Epistemology – with literature critiquing Latour

Part 2: Euphrosyne - embarking with HOPE (6500 words byweek 21 – late Dec)

Arguing for the chosen research methods from the literature: locate proposed research and possible methods within the literature, identifying how these ideas may impact on own research question.


  1. using Latour (ANT) as basis (what are theorists saying about possible research methods?), select literature and identify what methodologies and methods have been used to get similar research questions answered.
  2. using Latour as critique, review of the literature: who has tried what, why, and with what authority/outcomes – identifying the current tensions and debates within the subject.

Part 3 : Thalia – rendezvous with CHARITY outcomes (3500 words – end of Jan)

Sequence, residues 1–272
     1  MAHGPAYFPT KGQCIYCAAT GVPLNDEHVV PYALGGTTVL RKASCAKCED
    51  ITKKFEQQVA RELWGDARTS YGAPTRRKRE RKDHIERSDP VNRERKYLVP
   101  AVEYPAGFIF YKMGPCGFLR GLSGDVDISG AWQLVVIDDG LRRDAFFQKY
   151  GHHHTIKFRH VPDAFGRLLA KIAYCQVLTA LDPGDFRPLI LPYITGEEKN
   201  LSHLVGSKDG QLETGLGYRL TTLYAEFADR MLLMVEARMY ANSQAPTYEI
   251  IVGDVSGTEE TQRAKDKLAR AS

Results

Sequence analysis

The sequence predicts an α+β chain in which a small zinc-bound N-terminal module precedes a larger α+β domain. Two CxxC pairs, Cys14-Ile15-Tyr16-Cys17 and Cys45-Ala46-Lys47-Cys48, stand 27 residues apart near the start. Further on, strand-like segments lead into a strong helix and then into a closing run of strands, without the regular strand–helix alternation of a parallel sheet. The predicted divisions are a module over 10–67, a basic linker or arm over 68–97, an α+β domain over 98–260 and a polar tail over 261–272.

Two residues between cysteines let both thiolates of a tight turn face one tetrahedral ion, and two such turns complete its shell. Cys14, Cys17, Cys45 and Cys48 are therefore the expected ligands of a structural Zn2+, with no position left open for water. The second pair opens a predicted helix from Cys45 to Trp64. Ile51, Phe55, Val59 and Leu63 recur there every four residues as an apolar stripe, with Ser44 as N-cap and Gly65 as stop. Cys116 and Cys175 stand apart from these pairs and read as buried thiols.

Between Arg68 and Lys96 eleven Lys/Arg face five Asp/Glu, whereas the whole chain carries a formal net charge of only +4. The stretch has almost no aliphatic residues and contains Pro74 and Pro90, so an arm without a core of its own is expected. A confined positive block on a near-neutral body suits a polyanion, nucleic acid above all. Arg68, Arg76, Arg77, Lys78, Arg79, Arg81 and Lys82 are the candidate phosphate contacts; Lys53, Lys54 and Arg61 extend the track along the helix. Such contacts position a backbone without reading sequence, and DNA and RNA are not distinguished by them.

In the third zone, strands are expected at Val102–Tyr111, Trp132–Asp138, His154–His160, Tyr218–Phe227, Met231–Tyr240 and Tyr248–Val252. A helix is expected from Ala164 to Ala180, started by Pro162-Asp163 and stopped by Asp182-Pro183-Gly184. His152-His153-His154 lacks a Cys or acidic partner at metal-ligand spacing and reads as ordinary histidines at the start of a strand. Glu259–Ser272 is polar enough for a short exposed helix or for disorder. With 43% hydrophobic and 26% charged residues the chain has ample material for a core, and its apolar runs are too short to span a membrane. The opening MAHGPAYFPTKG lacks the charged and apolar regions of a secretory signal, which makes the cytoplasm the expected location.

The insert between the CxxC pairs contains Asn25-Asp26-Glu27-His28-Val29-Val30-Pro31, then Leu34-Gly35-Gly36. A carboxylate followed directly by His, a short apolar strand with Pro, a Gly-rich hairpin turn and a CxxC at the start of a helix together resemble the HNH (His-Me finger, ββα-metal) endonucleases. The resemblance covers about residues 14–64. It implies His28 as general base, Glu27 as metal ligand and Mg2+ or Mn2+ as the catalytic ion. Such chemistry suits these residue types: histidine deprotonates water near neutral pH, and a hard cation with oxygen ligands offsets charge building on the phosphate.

Conclusion: what/whose methods do I propose to adopt for docs 3 / 4, and why?
Using Latour, how will it be analysed (why this way)? Where is this research expected to sit in relation to all the literature out there? What good may come of this?

To date however, I’ve got no further than part-way through section 1, related entirely to Methodology.  I feel confident about what has been written to date, as it has at least launched the whole exercise in accordance with my proposed structure.  The plan now must be to complete at least this first section before Christmas (within the next week!), to send it off to my supervisors for review next month, and to spend the Christmas holiday on section 2.  I am so desperately short of time, however, that I propose to launch sections 2 and 3 immediately, to give me somewhere to locate relevant material (if I encounter it) before editing the text more carefully.  It’s not comfortable, as I prefer to write slowly and steadily from my start-point within the structure I’ve set myself.  I foresee already the panic at the end of this process...